Teachers should offer extra credit for donations

December 11, 2008 — by Jenny Zhang

If you walk into some teachers’ classrooms this time of year, you can see a steadily growing pile of toilet paper, canned foods, toys, children’s books, toiletries, clothes, hangers, school supplies and any other donations students have brought in on the back table of their rooms, ready to be sent to charities. These donations have piled up for one main reason: extra credit. But is it OK to use extra credit this way?

The answer is yes, but only if the amount of extra credit given is minimal and cannot significantly alter a student’s grade.

Students know that they can’t “buy” their grade, especially when only a small number of points can be received. But the added incentive is the extra push most students need to dig into the goodness of their hearts and actually remember to bring in the donations that will benefit shelters, food drives and the significantly increasing number of families who need help following the devastating economic downturn.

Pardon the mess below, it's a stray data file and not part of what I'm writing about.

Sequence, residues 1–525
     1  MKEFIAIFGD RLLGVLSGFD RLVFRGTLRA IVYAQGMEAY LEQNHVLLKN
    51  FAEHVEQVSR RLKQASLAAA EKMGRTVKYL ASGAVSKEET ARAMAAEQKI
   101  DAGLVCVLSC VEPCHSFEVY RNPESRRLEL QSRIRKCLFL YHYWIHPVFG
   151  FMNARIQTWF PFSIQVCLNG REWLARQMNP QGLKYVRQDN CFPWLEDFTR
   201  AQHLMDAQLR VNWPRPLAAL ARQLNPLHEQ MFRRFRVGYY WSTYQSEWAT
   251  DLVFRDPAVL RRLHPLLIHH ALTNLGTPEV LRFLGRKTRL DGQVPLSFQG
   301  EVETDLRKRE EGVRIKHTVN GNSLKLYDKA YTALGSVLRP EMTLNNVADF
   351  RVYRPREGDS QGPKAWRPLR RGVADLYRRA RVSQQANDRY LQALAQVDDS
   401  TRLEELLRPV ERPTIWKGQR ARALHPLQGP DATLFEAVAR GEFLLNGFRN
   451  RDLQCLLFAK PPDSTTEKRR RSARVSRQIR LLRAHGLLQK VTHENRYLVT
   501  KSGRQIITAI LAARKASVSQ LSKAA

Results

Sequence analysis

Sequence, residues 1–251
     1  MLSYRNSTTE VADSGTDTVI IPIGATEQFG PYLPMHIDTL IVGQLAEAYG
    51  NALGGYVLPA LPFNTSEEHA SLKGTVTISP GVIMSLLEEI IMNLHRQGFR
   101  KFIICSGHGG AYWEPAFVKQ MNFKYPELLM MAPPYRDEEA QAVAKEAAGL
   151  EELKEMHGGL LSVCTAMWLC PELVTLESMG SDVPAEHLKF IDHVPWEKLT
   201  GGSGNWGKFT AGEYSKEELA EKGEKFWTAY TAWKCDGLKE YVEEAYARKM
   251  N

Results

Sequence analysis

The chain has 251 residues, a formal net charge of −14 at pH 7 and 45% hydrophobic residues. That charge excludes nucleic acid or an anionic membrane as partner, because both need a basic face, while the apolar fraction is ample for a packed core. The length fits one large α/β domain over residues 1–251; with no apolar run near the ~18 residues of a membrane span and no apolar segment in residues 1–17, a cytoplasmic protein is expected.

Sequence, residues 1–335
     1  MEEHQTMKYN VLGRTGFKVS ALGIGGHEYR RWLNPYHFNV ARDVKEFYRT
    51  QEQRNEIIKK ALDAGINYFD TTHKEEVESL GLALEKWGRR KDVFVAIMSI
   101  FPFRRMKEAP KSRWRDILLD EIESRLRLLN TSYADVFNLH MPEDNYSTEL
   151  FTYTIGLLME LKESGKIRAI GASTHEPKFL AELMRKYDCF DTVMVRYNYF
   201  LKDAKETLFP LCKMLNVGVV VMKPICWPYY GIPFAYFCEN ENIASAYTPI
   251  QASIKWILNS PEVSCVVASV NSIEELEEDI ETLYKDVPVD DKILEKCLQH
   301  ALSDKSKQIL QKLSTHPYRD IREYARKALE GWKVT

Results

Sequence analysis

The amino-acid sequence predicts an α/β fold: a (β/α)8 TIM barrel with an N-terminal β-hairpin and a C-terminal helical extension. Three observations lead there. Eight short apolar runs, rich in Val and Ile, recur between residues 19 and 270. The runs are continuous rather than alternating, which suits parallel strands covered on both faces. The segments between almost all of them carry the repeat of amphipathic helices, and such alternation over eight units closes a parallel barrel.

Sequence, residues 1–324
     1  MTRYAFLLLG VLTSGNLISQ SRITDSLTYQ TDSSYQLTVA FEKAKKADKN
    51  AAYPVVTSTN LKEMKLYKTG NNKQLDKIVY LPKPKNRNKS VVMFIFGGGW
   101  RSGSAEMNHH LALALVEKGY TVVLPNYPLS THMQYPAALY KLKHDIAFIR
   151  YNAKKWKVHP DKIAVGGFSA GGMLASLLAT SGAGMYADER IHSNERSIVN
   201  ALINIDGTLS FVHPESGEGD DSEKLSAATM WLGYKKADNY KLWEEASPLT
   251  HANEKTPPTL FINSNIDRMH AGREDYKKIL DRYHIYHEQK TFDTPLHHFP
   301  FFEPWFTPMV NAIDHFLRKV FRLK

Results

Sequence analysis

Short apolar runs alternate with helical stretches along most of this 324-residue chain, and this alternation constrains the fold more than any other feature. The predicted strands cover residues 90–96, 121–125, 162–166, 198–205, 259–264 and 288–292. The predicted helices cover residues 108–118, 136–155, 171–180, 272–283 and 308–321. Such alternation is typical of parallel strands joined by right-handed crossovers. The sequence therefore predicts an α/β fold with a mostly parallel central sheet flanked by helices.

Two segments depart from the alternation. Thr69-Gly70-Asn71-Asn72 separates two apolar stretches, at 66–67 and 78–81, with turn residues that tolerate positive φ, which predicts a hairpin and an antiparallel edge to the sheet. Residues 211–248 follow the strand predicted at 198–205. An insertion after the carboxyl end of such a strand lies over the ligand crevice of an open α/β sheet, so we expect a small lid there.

Some may see this as slightly immoral, but the people at shelters who receive the benefit of these donations will greatly appreciate these efforts. In a way, one can say that offering a bit of extra credit is for the greater good. The few extra points can’t really alter any student’s grade, but the
donations that each student brings adds up to become a great deal of help to many local families, allowing them to sleep with full stomachs.

In a way, what teachers do with extra credit is a lot like what Saratoga High does when it comes to community service. Just as students must make donations to receive extra credit, they must also complete 100 hours of community service in order to wear an extra cord around their necks when they graduate. This extra cord gives students a greater incentive to do something positive in the community. The numerous hours of community service that results from graduating students adds up and greatly improves the qualities of many people’s lives.

So the next time your teacher is asking for donations, and offering extra credit, go ahead and donate. Bring in a can of food, or a children’s toy. Get the token extra credit. Don’t feel guilty. Just know that your contribution will brighten the life of someone in need.

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